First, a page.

Farm vehicles are a staple for working farms, particularly large ones. Tractors are the most common farm vehicles because they are essential for ploughing fields and hauling loads and farm supplies. While farm vehicles may not be feasible play options for children (because of safety concerns), crafts give them a way to pretend to be part of the process.
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Cut And Paste Tractor
This simple tractor activity is easy enough even for preschoolers. Ahead of the activity, you'll need to draw on paper one large circle (about 3 inches in diameter), one smaller circle, the actual vehicle of the tractor with the seat and engine and a wheel. Photocopy each cut-out for each child. If you want to skip the drawing, the website www.first-school.ws provides a printable template to use instead. Have the children colour these drawings as they desire and then cut out the pieces. They can glue them together on a separate piece of paper, which you can mount on a bulletin board dedicated to celebrating a farm unit.
"T" Is for Tractor
It's often helpful for young ones who are just learning their ABC's to have a picture with which they can associate the letter. In this case, they'll be able to make a picture out of their letter. On a piece of green felt, trace the letter "T" that's about 5 to 6 inches tall. On yellow felt, cut out two wheels, with one circle larger than the other. You'll also want to cut out a black steering wheel using black felt. With sharp scissors, you can cut out the letter "T," the steering wheel and the wheels. The children can "assemble" their tractors on a felt board by laying the "T" on its side and gluing the wheels to it (when the "T" is on its side, half of the letter that would be the top part is now the back of the seat, while the other half will receive the smaller wheel). You can do a similar measure with each letter of the alphabet, turning the letters into learning centres.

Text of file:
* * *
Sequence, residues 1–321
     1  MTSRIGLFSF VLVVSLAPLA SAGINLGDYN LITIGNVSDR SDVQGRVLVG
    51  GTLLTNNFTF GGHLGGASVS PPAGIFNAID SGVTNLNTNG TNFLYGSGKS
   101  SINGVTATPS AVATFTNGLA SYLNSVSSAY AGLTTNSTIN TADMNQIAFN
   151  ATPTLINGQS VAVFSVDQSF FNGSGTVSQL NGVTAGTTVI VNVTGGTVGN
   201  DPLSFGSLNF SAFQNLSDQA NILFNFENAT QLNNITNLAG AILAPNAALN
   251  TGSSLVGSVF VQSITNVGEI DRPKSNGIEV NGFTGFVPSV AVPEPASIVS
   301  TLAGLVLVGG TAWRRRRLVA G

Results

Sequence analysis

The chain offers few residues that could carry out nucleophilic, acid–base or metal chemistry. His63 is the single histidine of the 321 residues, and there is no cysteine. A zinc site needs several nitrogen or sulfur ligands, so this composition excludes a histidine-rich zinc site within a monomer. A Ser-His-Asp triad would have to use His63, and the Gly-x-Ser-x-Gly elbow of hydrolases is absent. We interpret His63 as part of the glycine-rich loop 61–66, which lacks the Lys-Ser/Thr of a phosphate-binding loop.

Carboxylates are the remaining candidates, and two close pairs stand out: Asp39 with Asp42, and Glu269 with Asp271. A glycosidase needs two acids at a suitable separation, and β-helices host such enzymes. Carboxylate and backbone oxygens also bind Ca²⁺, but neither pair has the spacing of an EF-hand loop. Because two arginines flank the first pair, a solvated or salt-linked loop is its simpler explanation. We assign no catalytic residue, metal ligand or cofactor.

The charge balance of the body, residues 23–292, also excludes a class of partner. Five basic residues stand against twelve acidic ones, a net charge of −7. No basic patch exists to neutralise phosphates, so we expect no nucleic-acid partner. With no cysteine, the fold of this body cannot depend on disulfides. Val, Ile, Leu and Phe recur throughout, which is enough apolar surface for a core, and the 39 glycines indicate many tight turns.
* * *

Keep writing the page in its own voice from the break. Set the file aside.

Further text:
Soda Bottle Tractor
This tractor craft from Family Fun provides children with a three-dimensional tractor. It's made from recycled materials, so it could be a useful Earth Day craft. You'll need a clean, empty 591ml soda bottle, two old CDs, two soda bottle caps, an empty bar soap box, craft glue and a pencil. You'll also need scissors, a push pin and a meat skewer. With the bottle standing up, punch a hole on both sides of the bottle with a push pin about 1.5 inches down from the cap. Then, use the skewer to widen the holes. Push the pencil through the holes, and glue a bottle cap to each end of the pencil, which serve as front wheels. Once done, lay the bottle on its side. Children can paint the two CDs black and glue them near the bottom of the soda bottle as back wheels. You can cut a corner from the bar soap box to serve as a seat. If children want to add a steering wheel, push a skewer through the middle of the bottle (the same way that was done for the front wheels), and then glue a black juice cap to the end of the skewer with hot glue. This tractor won't move, but Family Fun has additional directions about making it mobile.
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